Methods and Mechanisms for Genetic Manipulation of Plants, Animals, and Microorganisms
Mushrooms that don’t go brown. Maize that kills insects. Medicine tailor-made for the individual. Fact or fiction? Every living thing is made up of the same building blocks: cells. Cells work together to make an organism function, grow, and survive. Scientists use genetic engineering to modify cells so that the characteristics of an individual organism may be enhanced or modified. Such engineering can be applied to any organism, from a virus to a plant.1
Genetic manipulation is most commonly used to introduce a new, favourable characteristic into the recipient organism, such as tolerance to a chemical herbicide or resistance to insect attacks. It can also be used to alter the organism’s genes’ activity, such as slowing down natural decay.2
What is genetic manipulation?
Genetic engineering is the direct manipulation of DNA within a gene to modify an organism’s characteristics (phenotype) in a certain way.3 Genes are small sections of the long DNA sequence that is ordered into chromosomes in animal and plant cells.4 Adding characteristics to a living organism, such as resistance to drought or disease, can be achieved through modifying these genes.5
DNA is the genetic code found in humans and almost all other organisms that make them behave and appear as they do. Most DNA is housed in the cell nucleus, but a small amount of DNA is also found in the mitochondria – the structures within cells that convert the energy from food into a form that cells can process and use.6
How genetic engineering works
DNA’s double helix consists of a base pair: two bases on opposite strands of the DNA molecule. A base pair forms one ‘rung’ on the DNA ‘ladder’. The rules of base pairing is that A always binds with T, and C always binds with G. Genetic manipulation may mean changing one base pair (A-T or C-G), removing a whole region of DNA, or bringing in an additional copy of a gene. Gene modification could also be extracting DNA from one organism’s genome and joining it with the DNA of another.7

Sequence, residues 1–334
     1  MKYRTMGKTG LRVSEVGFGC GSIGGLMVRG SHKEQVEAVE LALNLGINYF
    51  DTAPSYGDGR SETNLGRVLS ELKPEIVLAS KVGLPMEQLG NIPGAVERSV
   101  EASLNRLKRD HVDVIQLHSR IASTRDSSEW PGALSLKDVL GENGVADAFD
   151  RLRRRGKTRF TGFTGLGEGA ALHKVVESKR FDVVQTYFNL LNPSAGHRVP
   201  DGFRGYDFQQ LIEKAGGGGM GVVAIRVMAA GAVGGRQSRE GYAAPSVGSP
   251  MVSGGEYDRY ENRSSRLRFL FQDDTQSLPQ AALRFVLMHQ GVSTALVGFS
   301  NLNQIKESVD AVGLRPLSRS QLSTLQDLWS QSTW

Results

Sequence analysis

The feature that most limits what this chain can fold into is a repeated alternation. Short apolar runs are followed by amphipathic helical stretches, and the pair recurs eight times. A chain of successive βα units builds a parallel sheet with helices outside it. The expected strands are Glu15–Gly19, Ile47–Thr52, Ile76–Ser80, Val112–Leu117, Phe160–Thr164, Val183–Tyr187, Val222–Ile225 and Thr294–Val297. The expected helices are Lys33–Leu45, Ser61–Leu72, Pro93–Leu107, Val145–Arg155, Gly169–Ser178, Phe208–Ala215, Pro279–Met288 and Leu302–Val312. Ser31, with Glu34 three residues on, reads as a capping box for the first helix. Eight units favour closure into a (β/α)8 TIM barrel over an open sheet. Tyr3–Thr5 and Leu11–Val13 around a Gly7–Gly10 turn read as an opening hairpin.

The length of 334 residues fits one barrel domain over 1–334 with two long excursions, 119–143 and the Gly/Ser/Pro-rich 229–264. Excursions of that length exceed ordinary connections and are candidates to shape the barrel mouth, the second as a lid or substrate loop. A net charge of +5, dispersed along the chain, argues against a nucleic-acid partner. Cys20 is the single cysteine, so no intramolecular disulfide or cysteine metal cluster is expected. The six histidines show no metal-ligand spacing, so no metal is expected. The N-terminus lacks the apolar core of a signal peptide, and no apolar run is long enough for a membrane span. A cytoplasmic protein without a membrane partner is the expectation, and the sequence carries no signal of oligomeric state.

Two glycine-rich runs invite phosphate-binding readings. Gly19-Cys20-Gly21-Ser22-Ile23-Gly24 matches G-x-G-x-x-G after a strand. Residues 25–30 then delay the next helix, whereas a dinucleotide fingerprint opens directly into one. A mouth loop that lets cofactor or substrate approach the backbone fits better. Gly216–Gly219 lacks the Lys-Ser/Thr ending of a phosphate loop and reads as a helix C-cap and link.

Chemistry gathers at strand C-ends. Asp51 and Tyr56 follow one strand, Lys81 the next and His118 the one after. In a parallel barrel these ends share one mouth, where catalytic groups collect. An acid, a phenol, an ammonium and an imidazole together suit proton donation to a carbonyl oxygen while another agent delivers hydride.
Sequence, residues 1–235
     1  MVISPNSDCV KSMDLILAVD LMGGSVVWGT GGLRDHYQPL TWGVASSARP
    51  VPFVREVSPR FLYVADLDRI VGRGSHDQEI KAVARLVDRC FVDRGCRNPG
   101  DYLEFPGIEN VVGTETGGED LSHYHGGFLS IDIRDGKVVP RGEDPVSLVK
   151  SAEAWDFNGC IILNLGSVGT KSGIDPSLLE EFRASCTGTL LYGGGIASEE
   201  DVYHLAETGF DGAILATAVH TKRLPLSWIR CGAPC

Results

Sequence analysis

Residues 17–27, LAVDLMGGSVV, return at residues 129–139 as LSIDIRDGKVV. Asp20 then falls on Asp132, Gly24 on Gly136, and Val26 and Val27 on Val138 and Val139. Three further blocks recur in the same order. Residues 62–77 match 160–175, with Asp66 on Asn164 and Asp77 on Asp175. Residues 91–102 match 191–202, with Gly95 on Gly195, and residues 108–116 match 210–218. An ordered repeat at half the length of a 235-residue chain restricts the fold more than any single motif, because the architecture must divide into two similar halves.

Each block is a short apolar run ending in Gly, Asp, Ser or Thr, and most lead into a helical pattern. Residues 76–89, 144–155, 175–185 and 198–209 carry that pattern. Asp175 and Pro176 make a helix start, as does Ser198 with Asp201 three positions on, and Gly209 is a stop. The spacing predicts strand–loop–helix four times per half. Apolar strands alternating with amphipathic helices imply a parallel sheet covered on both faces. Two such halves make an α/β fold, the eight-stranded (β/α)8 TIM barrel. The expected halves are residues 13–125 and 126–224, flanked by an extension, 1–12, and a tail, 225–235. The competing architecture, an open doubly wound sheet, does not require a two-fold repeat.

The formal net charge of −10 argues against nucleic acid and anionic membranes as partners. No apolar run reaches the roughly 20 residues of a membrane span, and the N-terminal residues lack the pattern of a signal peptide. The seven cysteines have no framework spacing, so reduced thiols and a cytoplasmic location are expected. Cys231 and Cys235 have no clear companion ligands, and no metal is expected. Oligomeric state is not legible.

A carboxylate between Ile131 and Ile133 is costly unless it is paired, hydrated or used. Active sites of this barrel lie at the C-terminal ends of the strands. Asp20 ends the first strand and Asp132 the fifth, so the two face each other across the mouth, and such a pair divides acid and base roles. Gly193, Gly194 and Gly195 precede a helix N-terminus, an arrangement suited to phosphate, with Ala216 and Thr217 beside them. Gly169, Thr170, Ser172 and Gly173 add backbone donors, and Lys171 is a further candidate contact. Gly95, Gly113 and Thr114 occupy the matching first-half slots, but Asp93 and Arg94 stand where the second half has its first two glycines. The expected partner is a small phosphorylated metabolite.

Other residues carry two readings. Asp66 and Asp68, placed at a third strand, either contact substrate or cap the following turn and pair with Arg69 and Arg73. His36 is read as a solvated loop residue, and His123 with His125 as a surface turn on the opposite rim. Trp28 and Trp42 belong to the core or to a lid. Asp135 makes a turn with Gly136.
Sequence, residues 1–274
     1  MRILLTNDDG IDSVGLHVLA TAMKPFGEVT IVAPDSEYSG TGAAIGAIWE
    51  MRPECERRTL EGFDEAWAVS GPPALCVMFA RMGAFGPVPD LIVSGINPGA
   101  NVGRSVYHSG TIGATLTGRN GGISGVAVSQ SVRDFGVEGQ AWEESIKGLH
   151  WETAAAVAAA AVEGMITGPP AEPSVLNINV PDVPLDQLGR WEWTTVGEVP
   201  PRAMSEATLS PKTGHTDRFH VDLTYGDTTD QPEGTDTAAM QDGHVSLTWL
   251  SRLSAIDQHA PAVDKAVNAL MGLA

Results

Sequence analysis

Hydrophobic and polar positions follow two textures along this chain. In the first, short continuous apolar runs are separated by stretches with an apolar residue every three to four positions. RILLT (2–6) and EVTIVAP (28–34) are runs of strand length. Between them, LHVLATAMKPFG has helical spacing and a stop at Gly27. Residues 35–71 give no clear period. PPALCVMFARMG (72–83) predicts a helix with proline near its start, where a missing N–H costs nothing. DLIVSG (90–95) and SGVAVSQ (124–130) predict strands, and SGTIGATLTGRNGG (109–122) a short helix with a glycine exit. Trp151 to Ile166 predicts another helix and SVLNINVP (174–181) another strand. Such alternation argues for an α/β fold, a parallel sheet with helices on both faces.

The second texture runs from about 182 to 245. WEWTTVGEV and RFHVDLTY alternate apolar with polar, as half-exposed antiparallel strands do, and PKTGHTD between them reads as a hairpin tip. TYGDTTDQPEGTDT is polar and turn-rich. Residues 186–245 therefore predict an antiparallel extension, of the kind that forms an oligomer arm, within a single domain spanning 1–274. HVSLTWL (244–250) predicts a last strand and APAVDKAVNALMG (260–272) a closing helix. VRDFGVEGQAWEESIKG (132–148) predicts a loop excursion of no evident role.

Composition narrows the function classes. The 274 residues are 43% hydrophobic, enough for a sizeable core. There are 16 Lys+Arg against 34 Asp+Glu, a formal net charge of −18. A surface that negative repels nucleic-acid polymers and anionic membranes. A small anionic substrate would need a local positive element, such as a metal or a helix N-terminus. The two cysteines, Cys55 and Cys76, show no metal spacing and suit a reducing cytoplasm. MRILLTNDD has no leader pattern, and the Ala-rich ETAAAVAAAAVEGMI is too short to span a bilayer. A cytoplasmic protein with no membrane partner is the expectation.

While methods of genetic modification vary, the following process is typically used:8
- Identify the characteristic desired for the organism.
- Isolate the characteristic from the organism that displays that trait.
- Insert that characteristic into the desired organism.
- Propagate the organism.
Methods of genetic modification
Methods for genetic manipulation have rapidly evolved over the last 100 years, from basic animal husbandry and inserting genes from one organism into another to more advanced methods of directly editing the genome.9
- Plasmid method.10 The most commonly used method of genetic engineering, the plasmid method uses small circular pieces of a DNA molecule to alter microorganisms, such as bacteria. The plasmid is placed in a container with enzymes that cut the plasmid up into small pieces. A small piece of the plasmid is then inserted into the bacteria, where the DNAs combine in the cell and are stabilised. A culture of live bacteria is then prepared with the newly formed plasmids, where the plasmids will then enter into the bacterial cell and start reproducing itself. During the process, the plasmid will synthesise new antibiotic resistance genes which will help distinguish the plasmid bacteria from the non-plasmid bacteria.